James, who won 53 caps for England and lifted the 2008 FA Cup with Portsmouth earning an estimated £20million (23.2m euros, $26m) during his career, is an example Peter Fairchild of London city firm Smith&Williamson likes to use.
He and his colleagues make presentations to young players about planning for their finances for the day they retire.
Fairchild told AFP that the clubs, beginning with Liverpool in 2012, had warmed to their ideas.
«We (the clubs said) want to grab their attention and shock the boys,» said Fairchild after AFP was given rare access to a session with second-tier side Queens Park Rangers at their training ground west of London.
«So for once they have to get off their mobile phones and social media and take note of what people are saying because there is a long term benefit for their lives and it affects them.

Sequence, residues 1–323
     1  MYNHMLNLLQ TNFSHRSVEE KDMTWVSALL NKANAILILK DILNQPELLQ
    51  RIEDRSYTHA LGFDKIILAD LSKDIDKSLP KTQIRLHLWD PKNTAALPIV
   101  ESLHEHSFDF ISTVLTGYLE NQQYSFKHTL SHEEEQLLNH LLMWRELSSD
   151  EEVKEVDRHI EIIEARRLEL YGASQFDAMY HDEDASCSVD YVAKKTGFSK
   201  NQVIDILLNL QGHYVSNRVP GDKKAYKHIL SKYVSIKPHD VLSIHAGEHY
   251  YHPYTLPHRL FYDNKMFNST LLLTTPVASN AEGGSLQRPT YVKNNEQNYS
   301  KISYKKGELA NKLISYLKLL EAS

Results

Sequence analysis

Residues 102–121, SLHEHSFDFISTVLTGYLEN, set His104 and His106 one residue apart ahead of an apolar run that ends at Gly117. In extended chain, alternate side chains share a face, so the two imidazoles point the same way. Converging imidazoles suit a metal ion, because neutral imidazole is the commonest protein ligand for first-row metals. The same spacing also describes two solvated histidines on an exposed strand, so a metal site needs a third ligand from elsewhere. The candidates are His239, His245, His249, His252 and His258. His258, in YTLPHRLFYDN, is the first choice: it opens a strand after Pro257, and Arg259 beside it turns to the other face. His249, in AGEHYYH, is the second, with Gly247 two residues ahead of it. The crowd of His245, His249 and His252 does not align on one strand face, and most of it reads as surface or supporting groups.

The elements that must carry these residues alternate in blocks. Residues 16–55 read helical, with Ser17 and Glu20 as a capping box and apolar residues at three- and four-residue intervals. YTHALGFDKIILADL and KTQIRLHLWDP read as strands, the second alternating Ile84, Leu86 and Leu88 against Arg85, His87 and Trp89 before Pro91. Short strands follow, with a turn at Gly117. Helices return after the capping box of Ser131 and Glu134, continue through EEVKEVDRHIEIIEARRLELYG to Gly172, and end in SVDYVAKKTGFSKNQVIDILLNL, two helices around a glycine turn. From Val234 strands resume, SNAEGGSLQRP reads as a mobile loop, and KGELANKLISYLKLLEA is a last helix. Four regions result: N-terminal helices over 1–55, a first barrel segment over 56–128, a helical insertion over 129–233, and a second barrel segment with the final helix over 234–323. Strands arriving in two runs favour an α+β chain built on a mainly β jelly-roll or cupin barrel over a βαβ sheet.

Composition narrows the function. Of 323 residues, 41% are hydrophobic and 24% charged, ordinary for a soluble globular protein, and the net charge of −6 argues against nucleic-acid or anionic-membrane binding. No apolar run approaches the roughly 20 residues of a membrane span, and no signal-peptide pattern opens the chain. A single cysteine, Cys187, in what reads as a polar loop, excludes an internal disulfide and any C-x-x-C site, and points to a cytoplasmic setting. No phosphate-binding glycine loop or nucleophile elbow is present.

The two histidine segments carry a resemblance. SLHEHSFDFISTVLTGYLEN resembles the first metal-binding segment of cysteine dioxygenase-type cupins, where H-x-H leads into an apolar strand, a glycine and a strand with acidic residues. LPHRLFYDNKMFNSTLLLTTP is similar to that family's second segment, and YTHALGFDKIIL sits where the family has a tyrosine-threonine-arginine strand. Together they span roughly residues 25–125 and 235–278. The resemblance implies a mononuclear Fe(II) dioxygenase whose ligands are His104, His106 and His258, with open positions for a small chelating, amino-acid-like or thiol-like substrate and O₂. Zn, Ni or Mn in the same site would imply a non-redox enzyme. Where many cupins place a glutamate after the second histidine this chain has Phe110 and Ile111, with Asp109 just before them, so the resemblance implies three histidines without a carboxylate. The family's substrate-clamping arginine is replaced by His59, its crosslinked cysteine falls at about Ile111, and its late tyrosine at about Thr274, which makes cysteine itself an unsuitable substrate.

«‘Use some real life case studies’, they told us.
«Quite often the guys have their heroes on the screen and when they see them they go: ‘They are bankrupt? They can’t be’.
«To which I reply it is the case and please, please take heed. Don’t fall into the traps they did and seek advice so you get it right from the start.»
According to XPro, which helps players plan for their lives after they hang up their boots, two in five footballers go bankrupt within five years of retirement.
«It is a great shock when you see the big names like David James,» Under-23 central defender Alex Finney told AFP.
«I mean they were the top 1 percent of people who made it in football, it is a scary thought that people like them can have nothing at the end of it.
«It is an eye-opener for the boys in that it warns you be ready for what life can hold for you.»
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